Went to see the Dark Knight a couple of weeks ago... just after NN-- as did apparently millions of other people-- now making this the biggest box office hit of all time. It was a huge mental impact, visually overwhelming, dark and twisted film.
Best movie ever? Not even close... probably not in my top 25. BUT I loved it.
Kathy over on G-spot has a great, J. Robert Parks review discussing some of the moral and political overtones that are being written, debated and discussed across the blogosphere both on the left and on the right.
The film also calls into question certain axioms of contemporary entertainment (and government): 1) that good always triumphs over evil, so just sit back with a cold one and relax, 2) that the good guys are always good and therefore free to break the law whenever they want, and 3) that those bad things good guys do have no lasting repercussions. Batman is equated at times with a burgeoning fascism and, at other times, with how ancient Rome suspended its democracy in the face of violence and never recovered. There’s also an amazing moment when Michael Caine talks about how he captured a bandit in Burma: “We burned the forest down.” Anyone who doesn’t connect that story to Vietnam and Iraq isn’t paying attention.The night when we went to see it we talked a long time after about the privacy theme, and many of the other terrorism related metaphors, subplots etc. The thing that struck me most though was a scene that shows the triumph of the people's morality in the face of their own possible deaths. This one has not been discussed much-- but to me it was a huge message about progressivism and the people knowing better than both the bad guys and the good. Won't say more now at the risk of posting spoilers. But it was a great scene/subplot.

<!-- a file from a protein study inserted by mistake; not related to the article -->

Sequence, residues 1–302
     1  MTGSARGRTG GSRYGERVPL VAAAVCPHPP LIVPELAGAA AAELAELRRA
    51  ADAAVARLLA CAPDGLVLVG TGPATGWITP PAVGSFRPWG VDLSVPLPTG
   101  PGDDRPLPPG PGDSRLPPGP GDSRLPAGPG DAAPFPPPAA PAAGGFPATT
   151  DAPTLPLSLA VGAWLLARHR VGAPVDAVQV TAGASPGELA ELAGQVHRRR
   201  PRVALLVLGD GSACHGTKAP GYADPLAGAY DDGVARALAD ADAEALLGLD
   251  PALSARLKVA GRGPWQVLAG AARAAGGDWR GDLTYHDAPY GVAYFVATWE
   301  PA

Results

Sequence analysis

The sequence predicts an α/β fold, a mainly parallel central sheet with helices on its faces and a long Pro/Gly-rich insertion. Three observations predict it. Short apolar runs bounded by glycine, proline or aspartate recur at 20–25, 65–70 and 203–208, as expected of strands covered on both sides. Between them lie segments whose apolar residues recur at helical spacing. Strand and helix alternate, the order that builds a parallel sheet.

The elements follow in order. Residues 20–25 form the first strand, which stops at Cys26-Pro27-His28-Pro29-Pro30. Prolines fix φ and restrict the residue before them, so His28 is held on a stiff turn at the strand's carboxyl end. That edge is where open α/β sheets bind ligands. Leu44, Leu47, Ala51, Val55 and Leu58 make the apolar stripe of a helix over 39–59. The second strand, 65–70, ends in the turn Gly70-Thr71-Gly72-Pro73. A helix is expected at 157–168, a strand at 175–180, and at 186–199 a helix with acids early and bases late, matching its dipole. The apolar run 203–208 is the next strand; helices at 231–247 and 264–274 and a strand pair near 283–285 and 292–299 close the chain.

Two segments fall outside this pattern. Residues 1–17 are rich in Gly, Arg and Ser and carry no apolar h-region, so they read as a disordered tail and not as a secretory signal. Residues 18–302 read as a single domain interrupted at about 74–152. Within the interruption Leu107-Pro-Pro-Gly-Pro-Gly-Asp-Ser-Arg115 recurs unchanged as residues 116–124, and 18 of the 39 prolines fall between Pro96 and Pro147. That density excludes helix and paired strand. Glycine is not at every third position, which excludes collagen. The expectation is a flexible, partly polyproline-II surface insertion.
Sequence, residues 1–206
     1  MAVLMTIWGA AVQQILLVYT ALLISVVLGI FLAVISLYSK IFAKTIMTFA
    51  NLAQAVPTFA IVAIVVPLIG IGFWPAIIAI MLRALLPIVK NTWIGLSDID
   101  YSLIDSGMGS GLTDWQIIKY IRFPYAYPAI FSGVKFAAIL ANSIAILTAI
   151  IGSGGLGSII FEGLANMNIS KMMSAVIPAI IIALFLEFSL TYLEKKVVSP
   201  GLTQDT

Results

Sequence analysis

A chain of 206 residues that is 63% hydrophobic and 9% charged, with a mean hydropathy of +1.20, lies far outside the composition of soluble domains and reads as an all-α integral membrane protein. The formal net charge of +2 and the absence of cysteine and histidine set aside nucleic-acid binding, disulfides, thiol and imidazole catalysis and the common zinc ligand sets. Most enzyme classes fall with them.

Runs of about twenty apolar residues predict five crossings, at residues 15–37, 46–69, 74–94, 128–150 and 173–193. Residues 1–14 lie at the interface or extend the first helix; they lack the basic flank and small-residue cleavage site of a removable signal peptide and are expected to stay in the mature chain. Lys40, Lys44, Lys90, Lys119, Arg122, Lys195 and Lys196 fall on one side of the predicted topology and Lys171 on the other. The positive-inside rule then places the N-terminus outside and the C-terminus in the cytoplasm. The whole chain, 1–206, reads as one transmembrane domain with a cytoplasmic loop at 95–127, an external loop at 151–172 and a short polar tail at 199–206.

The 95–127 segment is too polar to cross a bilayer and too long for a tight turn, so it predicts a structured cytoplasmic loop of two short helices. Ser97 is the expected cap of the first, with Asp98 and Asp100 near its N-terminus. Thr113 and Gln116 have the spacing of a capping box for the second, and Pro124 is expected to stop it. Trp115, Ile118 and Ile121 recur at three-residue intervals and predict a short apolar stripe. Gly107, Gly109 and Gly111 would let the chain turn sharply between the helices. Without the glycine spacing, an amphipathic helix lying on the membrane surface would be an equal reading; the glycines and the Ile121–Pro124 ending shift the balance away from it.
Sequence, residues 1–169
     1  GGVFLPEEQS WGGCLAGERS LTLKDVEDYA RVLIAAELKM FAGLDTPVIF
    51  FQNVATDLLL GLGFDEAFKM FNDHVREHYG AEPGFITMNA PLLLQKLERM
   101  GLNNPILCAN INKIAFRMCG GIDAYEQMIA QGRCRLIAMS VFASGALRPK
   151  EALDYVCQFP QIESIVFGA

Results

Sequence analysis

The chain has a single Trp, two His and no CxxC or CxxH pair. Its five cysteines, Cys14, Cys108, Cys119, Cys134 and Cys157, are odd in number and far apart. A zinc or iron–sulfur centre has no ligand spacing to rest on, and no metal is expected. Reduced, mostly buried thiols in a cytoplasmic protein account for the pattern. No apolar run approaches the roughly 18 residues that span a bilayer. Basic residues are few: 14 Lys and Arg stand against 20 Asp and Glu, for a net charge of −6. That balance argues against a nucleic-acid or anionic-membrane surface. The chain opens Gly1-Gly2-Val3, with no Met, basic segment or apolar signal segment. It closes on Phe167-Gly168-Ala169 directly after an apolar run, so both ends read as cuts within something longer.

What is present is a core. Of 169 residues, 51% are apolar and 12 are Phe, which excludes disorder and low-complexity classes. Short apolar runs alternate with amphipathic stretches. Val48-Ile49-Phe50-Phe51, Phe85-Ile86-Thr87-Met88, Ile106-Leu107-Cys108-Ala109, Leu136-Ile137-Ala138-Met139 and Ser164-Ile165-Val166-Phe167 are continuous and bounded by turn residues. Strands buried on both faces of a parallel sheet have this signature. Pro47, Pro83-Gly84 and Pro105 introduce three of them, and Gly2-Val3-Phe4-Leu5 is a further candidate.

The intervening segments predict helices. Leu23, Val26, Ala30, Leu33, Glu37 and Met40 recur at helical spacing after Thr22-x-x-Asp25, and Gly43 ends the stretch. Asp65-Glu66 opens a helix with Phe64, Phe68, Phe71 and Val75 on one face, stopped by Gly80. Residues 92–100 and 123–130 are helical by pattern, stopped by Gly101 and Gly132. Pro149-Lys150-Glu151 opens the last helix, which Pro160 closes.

But the politics are convoluted enough that some conservatives can legitimately claim Batman as their own. The Joker would likely run wild if he were not confronted by the unstoppable force of Batman. And Batman only locates the Joker at the end by spying on every citizen in Gotham. And most troubling for leftists of a certain view is that the film shows how easy it is for good intentions to be overwhelmed by awful realities and how those awful realities must sometimes be fought with violence.
Don't forget to watch out for the cameo from Sen. Patrick Leahy. (A big Batman fan)
I also went to see Kung Fu Panada and laughed my ass off. What have you seen so far this summer? What did you think about The Dark Knight?